How Does a Glitch in Genome Folding Lead to Disease?
The sequence of bases (As, Cs, Gs, and Ts) that make up our DNA matters: it is what determines our genetic blueprint, which in turn determines many of our characteristics. Often within the genome, a certain sequence of bases will repeat over and over. While this is usually harmless, sometimes the repeats start to erroneously expand for unknown reasons, which can cause diseases like Huntington’s, ALS, fragile X syndrome, and various movement disorders.
In a new study published in Cell and led by NYSCF – Robertson Stem Cell Investigator and Assistant Professor of Bioengineering and Genetics at the University of Pennsylvania Jennifer Phillips-Cremins, PhD, researchers made some surprising discoveries about where harmful repeat expansions occur in the genome and how the folding of our genome plays into this process.
If you were to take all the DNA out of one of your cells and stretch it from floor to ceiling, it would be about 2 meters tall. For all 2 meters of that DNA to fit into the nucleus of a cell (which is roughly the same width as a single strand of hair), it needs to crumple up and make itself compact. Once it does this, certain segments of DNA located closely to each other will start to interact. The way the genome folds changes to regulate gene expression in different conditions and cell types, and new sequencing technologies have allowed scientists to measure DNA’s folding properties.
Dr. Phillips-Cremins’ team wanted to figure out what causes these unstable repeat expansions, so they took a closer look at the very few places in the genome where they are known to occur. What makes specific locations susceptible to instability, whereas hundreds of thousands of repeat sequences across the genome are not known to grow unstable? they wondered. Surprisingly, they observed that the repeat expansions tended to occur at boundaries demarcated by genome folding patterns – specifically, at boundaries with a higher density of Cs and Gs, known as CpG islands.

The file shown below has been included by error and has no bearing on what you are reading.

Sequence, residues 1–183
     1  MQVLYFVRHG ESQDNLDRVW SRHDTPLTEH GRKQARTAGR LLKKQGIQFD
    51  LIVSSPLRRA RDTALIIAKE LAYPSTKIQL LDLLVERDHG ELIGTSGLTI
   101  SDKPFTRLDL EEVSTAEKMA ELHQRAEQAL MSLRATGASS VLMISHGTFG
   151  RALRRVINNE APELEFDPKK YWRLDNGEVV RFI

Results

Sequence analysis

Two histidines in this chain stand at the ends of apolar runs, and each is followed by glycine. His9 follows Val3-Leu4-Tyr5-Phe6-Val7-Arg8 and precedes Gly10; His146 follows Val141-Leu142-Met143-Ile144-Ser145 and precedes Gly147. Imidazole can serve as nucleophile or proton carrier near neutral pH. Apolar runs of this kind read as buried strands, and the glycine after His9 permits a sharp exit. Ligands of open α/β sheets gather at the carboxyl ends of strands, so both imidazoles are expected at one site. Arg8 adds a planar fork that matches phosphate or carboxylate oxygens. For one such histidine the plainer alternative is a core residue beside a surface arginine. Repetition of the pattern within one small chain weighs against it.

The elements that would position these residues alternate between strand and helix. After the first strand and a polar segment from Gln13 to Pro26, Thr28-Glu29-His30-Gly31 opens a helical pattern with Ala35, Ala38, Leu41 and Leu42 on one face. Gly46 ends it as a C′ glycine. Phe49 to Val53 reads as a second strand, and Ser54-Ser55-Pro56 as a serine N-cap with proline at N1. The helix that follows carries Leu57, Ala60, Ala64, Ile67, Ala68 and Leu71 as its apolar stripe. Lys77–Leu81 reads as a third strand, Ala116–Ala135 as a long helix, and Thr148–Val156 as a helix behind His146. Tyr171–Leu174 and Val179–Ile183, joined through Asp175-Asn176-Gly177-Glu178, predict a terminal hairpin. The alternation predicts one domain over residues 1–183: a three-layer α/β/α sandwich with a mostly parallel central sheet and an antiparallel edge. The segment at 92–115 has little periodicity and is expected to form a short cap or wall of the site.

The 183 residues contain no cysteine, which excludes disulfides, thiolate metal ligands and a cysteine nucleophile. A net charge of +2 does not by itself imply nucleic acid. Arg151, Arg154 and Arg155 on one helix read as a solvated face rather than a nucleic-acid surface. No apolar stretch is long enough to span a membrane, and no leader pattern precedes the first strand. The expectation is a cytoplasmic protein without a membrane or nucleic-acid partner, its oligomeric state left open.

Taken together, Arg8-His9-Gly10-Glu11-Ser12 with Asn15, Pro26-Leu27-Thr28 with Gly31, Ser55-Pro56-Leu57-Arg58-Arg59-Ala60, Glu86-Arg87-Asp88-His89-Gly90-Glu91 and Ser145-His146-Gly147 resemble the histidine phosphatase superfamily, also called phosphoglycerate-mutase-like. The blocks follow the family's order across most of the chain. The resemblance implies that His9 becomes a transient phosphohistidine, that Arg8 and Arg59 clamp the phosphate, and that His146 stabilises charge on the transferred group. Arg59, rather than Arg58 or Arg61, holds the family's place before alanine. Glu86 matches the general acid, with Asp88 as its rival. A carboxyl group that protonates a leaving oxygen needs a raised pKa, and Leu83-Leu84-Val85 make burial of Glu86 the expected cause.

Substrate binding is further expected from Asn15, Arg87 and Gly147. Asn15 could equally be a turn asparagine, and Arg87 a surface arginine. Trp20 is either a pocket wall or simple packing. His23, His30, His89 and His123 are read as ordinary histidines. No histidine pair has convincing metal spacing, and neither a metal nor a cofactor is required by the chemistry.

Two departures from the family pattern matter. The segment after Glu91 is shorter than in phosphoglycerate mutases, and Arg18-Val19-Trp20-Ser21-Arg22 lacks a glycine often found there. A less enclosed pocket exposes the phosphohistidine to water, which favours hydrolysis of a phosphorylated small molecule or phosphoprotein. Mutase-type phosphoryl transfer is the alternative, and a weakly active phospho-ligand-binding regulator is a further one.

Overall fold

To investigate how genome folding patterns differ in repeat expansion disorders, they examined tissue from patients with fragile X syndrome (the most common form of heritable intellectual disability and autism). Patients with fragile X syndrome are known to have a repeat expansion on FMR1—a gene necessary for developing the connections between neurons that help them send signals. The researchers found that the 3D genome was severely misfolded around the pathologically silenced FMR1 gene in brain tissue from patients with fragile X syndrome compared to healthy individuals (i.e. where the repeat expansion occurred, aberrant genome folding also occurred). Although repeat expansion disorders are traditionally studied from the perspective of the linear genome, these findings suggest that the way our genome folds in 3D could play a critical role in repeat instability. Therefore, preventing genome misfolding could be a possible new route to treatment for the 30 disorders caused by unstable repeat expansions.
Dr. Phillips-Cremins is excited to explore the possible cause and effect link between the 3D structure of our genome and human neurological disease in the near future, and she is grateful that the NYSCF – Robertson Investigator Program allows her to pursue this unexpected connection.
“We are now obsessed with understanding the causal relationship between repeat expansion, boundaries, and 3D genome integrity,” she says. “Our results shed light on the locations of the genome where pathologic repeat expansions can occur, suggesting that the 3D organization of our genome might play a role in genome integrity that was unknown before this study. We are immensely grateful to NYSCF for its support, which gave us the flexibility to pursue this new line of research and make this surprising breakthrough, and we are hopeful it will someday inspire new treatment approaches.”